Whats the way to send you any info on defections to Google?
    I can’t find any ‘Contact Me’ link at your site. Perhaps you could put it up on your blog page.

  3. Bruno Mitchell says:

    Looks like someone finally came up with a simple solution for “no results found” — by far the most frustrating aspect of shopping for anything online. I wish there was something like that when I was searching for a digital camera online last weekend. Are there any ecommerce sites using it now? I would like to see how it worked, but could not seem to find anything like it on Fodors.

  4. niefeng says:

    Hi I am a chinese ,and your articls are so intersted to me.Due to my poor english ,I read your articls is so hard.but I will keep on reading do my best.

  5. Ezra Ball says:

    Another approach to the “no results found” problem is Endeca’s guided navigation paradigm. It assumes that people are going to type basically crappy one or two word queries into a search box, so in addition to search results, you also get options to refine your query along predefined dimensions. (Also easier seen than explained).

  6. Bruno Mitchell says:

    I’ve used Endeca search and it solves the problem, but it still requires you pretty much know exactly what you’re searching for and makes the assumption there’s inventory item that matches somewhere down the path they lead you. The drill downs do give you a number of items in each category, which is helpful. But if you want to broaden your search to change your preferences to find a btter match, you have to start over again. (If you try and follow their navigation, you still may end up down a “blind alley” without finding something that matches your needs.) I like the idea of Transparansee which would let you specify your preferences at the beginning and then tells you what’s the closest match — even if it’s not an exact match to what you started with, since there are seldom exact matches anyhow.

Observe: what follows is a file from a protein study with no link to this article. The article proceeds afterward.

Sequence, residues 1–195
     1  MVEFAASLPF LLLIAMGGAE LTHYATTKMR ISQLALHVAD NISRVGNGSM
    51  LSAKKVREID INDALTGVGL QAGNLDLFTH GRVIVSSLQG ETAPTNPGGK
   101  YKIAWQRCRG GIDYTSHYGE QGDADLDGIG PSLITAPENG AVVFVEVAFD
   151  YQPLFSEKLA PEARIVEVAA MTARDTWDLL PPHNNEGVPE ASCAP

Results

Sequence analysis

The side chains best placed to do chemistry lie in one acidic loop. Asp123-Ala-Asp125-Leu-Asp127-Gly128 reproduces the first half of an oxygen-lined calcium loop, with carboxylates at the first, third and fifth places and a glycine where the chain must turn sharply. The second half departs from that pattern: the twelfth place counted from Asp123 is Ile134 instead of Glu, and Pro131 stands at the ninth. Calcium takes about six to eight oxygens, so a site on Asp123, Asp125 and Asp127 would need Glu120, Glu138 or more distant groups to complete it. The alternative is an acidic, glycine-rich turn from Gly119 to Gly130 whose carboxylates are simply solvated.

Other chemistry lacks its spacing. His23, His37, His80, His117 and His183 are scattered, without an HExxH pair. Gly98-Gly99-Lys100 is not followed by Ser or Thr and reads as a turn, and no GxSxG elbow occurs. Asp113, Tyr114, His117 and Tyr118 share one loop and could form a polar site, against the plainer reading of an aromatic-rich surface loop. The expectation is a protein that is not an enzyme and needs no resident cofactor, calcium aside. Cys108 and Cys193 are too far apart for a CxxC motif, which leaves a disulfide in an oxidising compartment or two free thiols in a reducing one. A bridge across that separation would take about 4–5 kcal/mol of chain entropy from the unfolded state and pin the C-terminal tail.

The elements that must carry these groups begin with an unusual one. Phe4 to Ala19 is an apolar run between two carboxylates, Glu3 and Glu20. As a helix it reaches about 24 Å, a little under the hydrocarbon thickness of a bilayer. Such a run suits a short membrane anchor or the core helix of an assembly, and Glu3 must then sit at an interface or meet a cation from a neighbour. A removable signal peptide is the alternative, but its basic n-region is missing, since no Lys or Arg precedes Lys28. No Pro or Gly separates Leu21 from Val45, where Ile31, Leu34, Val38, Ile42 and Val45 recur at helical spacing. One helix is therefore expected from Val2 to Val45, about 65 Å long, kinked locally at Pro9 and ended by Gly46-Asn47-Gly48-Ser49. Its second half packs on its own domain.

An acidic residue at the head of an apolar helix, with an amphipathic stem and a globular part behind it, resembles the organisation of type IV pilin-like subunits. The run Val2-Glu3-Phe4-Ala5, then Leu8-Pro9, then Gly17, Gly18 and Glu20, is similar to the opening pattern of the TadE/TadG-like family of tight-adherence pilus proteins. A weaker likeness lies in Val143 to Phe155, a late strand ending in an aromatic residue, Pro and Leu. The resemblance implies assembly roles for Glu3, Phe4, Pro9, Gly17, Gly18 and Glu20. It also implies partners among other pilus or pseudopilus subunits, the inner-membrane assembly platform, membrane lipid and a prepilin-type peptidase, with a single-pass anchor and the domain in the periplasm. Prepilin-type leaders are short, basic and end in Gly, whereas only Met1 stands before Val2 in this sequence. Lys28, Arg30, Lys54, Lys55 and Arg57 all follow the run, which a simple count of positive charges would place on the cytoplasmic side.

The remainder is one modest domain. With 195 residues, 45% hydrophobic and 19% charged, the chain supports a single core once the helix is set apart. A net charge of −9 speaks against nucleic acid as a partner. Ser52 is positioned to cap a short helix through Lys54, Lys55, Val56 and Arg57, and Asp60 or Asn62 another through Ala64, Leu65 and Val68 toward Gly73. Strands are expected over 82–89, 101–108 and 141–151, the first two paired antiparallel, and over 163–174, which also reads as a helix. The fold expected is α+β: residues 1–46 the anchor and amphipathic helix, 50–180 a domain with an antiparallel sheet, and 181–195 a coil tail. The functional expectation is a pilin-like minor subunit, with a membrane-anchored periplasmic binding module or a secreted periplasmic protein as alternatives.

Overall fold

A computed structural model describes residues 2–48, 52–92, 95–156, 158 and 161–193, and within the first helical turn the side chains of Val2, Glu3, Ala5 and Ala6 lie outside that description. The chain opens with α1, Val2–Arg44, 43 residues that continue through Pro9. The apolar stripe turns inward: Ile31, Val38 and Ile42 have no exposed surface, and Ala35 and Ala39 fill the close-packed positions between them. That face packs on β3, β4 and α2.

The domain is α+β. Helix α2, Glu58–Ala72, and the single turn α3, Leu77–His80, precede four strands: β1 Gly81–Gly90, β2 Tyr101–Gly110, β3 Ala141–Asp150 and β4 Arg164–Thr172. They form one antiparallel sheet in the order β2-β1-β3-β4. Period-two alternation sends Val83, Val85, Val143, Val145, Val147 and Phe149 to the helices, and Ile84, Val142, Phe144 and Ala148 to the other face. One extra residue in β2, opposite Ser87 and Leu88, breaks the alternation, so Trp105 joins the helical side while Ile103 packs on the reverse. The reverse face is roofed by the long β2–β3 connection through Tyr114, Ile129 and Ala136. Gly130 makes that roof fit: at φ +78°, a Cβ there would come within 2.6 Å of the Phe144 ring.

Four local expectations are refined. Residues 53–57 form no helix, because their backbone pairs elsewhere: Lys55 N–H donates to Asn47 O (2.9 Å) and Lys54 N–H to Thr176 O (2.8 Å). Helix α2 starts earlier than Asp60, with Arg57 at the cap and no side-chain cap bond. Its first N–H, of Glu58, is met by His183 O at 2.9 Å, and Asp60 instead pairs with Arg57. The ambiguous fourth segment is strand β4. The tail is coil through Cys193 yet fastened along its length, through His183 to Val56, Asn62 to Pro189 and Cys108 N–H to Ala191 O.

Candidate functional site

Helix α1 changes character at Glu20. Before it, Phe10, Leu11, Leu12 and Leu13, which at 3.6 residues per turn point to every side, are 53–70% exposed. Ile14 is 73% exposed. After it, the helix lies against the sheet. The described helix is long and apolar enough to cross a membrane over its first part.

7. ScottyM says:

    Just looks like a multi-dimensional nearest neighbor search. Nothing new technically, but this looks like a useful set of applications for it!

  8. ScottyM says:

    Just looks like a multi-dimensional nearest neighbor search. Nothing new technically, but this looks like a useful set of applications for it!

    By the way some typical pitfalls with this type of tool are prioritization. To someone on a nice date, the $$$ bistro is not at all similar to the $$ bistro next door. To someone in a wheelchair, the $ bistro and $$ bistro next door look very similar, given that proximity is more of a driving factor.

    In other words, the individual users wind up having to set weights on what “nearest” means — especially as the dimensionality of the search goes up.

    Where this often winds up is in an interactive parameterized search, like the one at http://www.bluenile.com

  9. John:

    I know you know that lots of people read the blog. But here’s what Steve L. told me:

    “We got a whole bunch of client inquiries after Battelle